More and more venue and event caterers are offering plant based menus, with this trend set to continue into 2019 and beyond. Venues and caterers that can add this option to their standard catering menus, at no extra charge, will surely have an edge over competitors.

Add day grazing

There is a new trend to all day grazing, allowing delegates to eat throughout the day, when they want, rather than set break or lunchtimes.

According to catering supplier Bunzl, 1 in 5 UK adults admit to choosing to snack all day instead of eating 3 separate meals.

Grazers’ often choose smaller servings of ready-prepared food options, enabling them to have a balanced food intake throughout the day. Although snacks are traditionally seen as an unhealthy option, grazing can provide more energy, more stable blood sugar, better appetite control and even a more efficient metabolism — provided that the snack choices are good ones.

While this catering style might not suit your event, you could try setting up a fresh and dried fruit station in the main room that delegates can help themselves to throughout the day - a ‘healthy’ pick and mix if you will. Any food left over can be taken home in doggy bags to minimise wastage.

Designated driver?

Modern events should be sympathetic to every delegate and provide beverage options that are suitable for all. Some delegates may not drink alcohol at all or others may want to cut back on the amount of alcohol they are drinking at an award ceremony, private dinner or product launch.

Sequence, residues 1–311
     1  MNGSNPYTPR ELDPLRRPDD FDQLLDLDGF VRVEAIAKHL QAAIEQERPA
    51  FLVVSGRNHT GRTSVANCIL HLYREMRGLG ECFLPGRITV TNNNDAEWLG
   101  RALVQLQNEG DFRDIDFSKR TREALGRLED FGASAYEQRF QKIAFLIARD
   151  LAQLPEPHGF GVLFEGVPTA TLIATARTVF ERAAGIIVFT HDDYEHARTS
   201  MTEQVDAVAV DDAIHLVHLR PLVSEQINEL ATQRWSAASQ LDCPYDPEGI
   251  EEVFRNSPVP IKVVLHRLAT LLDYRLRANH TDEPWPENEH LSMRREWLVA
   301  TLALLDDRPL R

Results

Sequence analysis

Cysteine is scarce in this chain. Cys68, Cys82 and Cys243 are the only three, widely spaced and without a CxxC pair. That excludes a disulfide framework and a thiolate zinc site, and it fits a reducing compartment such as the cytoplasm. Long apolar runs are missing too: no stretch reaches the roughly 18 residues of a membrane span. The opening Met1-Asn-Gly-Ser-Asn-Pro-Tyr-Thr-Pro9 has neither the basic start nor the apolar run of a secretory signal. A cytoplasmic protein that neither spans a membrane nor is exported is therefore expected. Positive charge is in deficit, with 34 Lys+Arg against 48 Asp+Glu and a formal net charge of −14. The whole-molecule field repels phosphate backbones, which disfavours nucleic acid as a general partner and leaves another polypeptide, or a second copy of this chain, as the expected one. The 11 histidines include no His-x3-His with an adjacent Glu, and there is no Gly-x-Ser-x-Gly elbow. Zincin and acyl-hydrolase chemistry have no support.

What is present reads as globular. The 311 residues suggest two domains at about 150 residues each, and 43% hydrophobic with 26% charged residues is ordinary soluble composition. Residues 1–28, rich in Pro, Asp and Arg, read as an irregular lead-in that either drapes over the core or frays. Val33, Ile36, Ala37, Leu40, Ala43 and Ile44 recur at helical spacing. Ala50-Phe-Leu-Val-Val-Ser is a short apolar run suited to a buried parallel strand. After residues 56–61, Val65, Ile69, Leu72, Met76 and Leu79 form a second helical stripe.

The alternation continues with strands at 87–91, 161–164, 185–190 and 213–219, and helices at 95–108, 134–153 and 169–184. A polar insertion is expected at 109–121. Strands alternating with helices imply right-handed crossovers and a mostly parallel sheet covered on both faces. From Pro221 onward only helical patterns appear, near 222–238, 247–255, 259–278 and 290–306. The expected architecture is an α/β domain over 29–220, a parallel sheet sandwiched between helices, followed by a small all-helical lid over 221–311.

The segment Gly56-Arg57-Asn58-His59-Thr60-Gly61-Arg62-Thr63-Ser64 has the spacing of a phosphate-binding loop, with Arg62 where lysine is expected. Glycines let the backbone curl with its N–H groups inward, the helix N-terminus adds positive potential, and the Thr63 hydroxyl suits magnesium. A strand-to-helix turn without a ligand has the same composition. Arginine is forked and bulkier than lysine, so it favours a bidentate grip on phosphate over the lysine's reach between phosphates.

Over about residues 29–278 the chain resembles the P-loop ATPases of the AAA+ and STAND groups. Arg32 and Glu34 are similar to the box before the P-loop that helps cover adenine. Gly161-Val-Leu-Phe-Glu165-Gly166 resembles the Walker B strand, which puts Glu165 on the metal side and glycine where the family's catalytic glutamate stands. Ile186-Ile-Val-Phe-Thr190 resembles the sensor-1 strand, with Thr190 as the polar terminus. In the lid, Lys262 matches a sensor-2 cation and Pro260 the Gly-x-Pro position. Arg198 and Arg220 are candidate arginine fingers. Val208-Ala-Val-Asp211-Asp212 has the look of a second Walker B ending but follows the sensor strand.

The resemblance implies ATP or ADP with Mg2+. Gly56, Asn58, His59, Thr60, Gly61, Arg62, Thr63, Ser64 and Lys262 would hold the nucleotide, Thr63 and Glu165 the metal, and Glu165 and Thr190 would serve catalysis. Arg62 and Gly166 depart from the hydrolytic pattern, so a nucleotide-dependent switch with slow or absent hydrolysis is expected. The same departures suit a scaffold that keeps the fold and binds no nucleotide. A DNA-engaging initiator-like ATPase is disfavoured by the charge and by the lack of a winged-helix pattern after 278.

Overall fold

Offering an alternative of non-alcoholic or low-alcohol drinks that still taste great is something venues and event caterers are offering more and more. Non-alcoholic beer tastes very similar to alcoholic beer but because low-alcohol beer tends to have fewer calories than alcoholic beer, choosing it over alcohol can reduce calorie intake as part of a healthy event.

Today more venues stock a growing range of non-alcoholic drinks and beers. Which means it’s easier than ever for delegates to cut back their alcohol intake, whilst still enjoying the event.

Keep attendees hydrated

We all know we should be drinking a minimum of 2 litres of water a day but why? Well, hydration is good for the body and the brain. However it’s not good for the environment if water is being drunk out of single use plastic bottles.

Event planners or venues could consider giving out branded event or venue water bottles for delegates to use throughout the event, minimising waste and prompting delegates to drink more.

Venues can place water stations throughout the venue so attendees can fill up. Make the stations different by providing water flavoured with cucumber, fruit, mint, or other herbs.

Stand, don’t sit

Sitting all day isn’t good for digestion. Come up with creative ways to get attendees off their backsides. Hold a post-lunch group stretch in the breakout room. Schedule walking conversations focused on specific topics for small groups of attendees. Give attendees the option of standing during lunchtime around poser or raised tables. Why not hand out pedometers to delegates to encourage them to take a walk during breaks and lunch time?

In summary, event Caterers and venues that put healthier options first, will surely help to create memorable experiences that means customers will return time after time.

All 90 venues, under the Lime Venue Portfolio brand ensure healthy options are on the menu as they are part of global caterer Compass Group, so customers can be assured no matter which venue they visit, within the portfolio, they will get the best possible healthy food experience.